4. Create a XSL stylesheet using your favorite text editor that contains a customization layer which, first, overrides the "<xsl:template name="article.titlepage.recto">" behavior and, second, contains a template that understands the <date> element.

  5. To create the XSL stylesheet, start a new document using your favorite text editor and paste this line at the beginning of the document...

    Figure 3. 

    <?xml version='1.0'?>
    <xsl:stylesheet xmlns:xsl="http://www.w3.org/1999/XSL/Transform" version="1.0">
    


    ...and this line at the end...

    Figure 4. 

    <xsl:stylesheet>
    

    ...everything you add to the stylesheet in the next steps should be added between these two lines.

  6. Import the URI reference to the Docbook XSL stylesheets by adding this line (change the href to match the location of your Docbook XSL stylesheets):

    Figure 5. 

    <xsl:import href="/usr/share/xml/docbook/stylesheet/nwalsh/fo/docbook.xsl"/>
    

  7. In your text editor, open up the file called "titlepage.template.xsl" that you found in the previous step.

  8. Copy the entire <template> stanza that calls the <pubdate> element. From...

    Figure 6. 

    <xsl:template name="article.titlepage.recto">
    

    ...to...

    Figure 7. 

    <xsl:template>
    

  9. Paste this into your XSL stylesheet.

  10. Inside the template that you just pasted into your XSL stylesheet, add a line to call a template specifically associated with the <date> (remember that it is nested inside an <articleinfo> element):

    Figure 8. 

    <xsl:apply-templates mode="article.titlepage.recto.auto.mode" select="articleinfo/date"/>
    

  11. Add a template in your XSL stylesheet that responds to the <xsl:apply-templates> call above:

    Figure 9. 

    <xsl:template match="articleinfo/date" mode="article.titlepage.recto.auto.mode">
    </xsl:template>
    

  12. Decide how you would like the <date> data formatted using XSL-FO (fo) elements. Since it is the same data as a <pubdate> element, I looked for how the <pubdate> element was handled. Fortunately, it was in the titlepage.template.xsl file.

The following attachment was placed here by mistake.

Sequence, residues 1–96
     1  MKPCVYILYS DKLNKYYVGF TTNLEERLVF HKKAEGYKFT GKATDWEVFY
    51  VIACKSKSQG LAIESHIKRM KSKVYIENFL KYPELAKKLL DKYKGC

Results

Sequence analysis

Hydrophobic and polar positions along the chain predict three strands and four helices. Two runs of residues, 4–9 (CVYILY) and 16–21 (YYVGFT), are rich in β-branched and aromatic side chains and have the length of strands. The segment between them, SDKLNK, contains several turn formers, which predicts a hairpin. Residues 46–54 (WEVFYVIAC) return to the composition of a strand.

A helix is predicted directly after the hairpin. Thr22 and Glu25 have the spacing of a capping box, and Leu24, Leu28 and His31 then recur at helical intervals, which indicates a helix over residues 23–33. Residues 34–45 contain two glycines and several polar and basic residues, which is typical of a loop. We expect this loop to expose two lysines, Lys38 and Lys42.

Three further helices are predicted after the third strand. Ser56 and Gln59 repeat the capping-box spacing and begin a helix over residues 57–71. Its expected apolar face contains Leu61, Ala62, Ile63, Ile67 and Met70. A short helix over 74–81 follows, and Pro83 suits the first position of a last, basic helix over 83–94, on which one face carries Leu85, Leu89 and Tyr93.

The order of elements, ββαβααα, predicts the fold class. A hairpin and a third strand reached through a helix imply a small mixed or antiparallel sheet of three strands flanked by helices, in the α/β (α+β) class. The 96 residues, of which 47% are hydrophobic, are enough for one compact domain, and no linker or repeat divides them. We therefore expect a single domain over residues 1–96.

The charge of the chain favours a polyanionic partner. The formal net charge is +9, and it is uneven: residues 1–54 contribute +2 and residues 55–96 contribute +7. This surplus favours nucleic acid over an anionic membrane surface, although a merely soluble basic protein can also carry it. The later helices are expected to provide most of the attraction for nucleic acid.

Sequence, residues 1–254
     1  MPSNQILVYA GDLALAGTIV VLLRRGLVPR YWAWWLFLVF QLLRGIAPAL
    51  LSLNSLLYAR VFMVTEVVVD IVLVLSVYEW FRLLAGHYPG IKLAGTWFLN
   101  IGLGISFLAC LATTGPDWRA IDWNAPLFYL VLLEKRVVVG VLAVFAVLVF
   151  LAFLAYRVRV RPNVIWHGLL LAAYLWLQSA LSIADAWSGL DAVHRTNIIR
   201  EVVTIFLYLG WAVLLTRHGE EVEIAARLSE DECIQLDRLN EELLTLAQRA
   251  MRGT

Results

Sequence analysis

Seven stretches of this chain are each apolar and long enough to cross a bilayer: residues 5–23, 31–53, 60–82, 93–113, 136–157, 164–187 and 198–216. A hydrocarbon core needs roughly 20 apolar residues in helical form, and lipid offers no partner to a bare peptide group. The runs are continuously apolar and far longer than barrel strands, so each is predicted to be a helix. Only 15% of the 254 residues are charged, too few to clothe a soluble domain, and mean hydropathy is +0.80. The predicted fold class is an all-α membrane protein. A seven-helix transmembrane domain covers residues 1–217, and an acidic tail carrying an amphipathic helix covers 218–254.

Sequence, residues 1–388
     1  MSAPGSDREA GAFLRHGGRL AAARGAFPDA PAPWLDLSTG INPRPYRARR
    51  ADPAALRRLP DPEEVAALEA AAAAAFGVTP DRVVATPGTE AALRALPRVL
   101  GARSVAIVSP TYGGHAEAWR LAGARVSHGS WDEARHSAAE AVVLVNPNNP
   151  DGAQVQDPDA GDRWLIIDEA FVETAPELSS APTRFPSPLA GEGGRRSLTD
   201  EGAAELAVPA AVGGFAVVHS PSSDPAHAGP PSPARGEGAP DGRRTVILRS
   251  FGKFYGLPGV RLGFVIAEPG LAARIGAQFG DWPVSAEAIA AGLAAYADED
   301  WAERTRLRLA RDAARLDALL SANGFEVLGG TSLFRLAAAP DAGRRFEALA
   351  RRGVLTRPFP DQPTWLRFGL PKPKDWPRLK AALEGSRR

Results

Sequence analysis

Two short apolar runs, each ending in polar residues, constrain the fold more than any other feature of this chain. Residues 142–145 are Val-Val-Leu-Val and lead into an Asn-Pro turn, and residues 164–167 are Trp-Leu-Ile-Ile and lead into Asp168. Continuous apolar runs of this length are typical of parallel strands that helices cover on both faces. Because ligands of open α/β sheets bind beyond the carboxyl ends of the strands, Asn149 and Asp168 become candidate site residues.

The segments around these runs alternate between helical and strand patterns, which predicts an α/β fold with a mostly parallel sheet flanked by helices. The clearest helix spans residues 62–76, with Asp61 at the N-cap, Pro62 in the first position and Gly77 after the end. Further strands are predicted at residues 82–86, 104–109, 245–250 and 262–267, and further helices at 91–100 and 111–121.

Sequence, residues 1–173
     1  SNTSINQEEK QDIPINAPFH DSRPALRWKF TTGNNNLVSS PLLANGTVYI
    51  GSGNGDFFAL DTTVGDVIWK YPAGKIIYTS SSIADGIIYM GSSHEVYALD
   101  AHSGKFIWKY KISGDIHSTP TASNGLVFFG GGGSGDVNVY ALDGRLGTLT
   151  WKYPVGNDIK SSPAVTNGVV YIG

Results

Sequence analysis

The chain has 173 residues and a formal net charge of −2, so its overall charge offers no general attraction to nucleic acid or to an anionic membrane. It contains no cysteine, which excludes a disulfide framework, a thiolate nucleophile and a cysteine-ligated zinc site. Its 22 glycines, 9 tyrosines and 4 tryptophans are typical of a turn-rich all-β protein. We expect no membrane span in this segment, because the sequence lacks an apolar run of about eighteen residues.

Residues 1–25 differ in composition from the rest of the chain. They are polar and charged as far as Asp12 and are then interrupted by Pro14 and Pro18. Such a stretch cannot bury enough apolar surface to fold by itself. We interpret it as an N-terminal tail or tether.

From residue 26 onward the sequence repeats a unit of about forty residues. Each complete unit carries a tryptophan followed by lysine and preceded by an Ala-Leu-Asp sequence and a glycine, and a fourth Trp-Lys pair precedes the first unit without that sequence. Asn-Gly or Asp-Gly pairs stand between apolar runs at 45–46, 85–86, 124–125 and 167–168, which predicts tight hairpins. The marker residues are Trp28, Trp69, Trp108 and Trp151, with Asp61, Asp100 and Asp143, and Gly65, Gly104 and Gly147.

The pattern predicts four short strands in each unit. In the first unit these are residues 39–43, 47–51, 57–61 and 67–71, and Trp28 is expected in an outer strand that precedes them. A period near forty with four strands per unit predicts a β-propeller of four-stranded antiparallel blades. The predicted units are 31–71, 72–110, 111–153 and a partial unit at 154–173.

13. Cut and paste the fo element from “articleinfo/pubdate” template into your “articleinfo/date” template .

    Figure 10. 

    <fo:block xmlns:fo="http://www.w3.org/1999/XSL/Format" xsl:use-attribute-sets="set.titlepage.recto.style">
         <xsl:apply-templates select="." mode="set.titlepage.recto.mode"/>
    </fo:block>
    

  14. Now save your custom XSL stylesheet to, say, my-customized-docbook-stylesheet.xsl.

Using this XSL stylesheet, you can now produce a XSL-FO stylesheet that contains the data of a <date> element. I use xsltproc, (but xalan or saxon will work, too) to apply the custom stylesheet to my Docbook XML document.

$> xsltproc my-customized-docbook-stylesheet.xsl lyX-produced-docbookXML-file.xml

An XSL-FO document (fo output) will be sent to the standard output. I save this output to a file by appending the following to the command line above: "> output.fo". Once you have have the XSL-FO document produced by these commands, you can now run the file through Apache's fop to produce your PDF document.

$> fop -fo output.fo -pdf output.pdf

3. Tutorial Documents, Samples, and Stylesheets

Following the method above, here is a link to a pdf version of this tutorial. Here is a link to a customized stylesheet that produced this sample. It recognizes the <date> element that lyX produces. The stylesheet also contains a few more tricks. It recognizes the <command> element (inserted using lyX's ERT function) and surrounds a command line with a grey box. It also handles source code samples that have been inserted into your lyX document as “Figures” and marked as “Code”. You can see how these tricks were accomplished by viewing the original lyX document that this document is based on.

In addition, I am also releasing a customized Docbook XSL stylesheet that will produce XHTML version that is a near duplicate of the PDF version. The link is here.

All documents produced in this tutorial can be downloaded from here. A gpg signature for this file is located here. (My public key is on my website: http://www.neomantic.com.)

4. Documentation License

This tutorial is released under the GNU Free Documentation License Version 1.2.

Copyright (c) C. Albers. Permission is granted to copy, distribute and/or modify this document under the terms of the GNU Free Documentation License, Version 1.2 or any later version published by the Free Software Foundation; with no Invariant Sections, no Front-Cover Texts, and no Back-Cover Texts. A copy of the license is included in the section entitled "GNU Free Documentation License".

The full text of this license is found in the file called “fdl.txt” released with tarred, gzipped file of this documentation.

5. Contact

Please direct questions or requests for more information to . Corrections, suggestions, bug reports, and patches are welcome as well.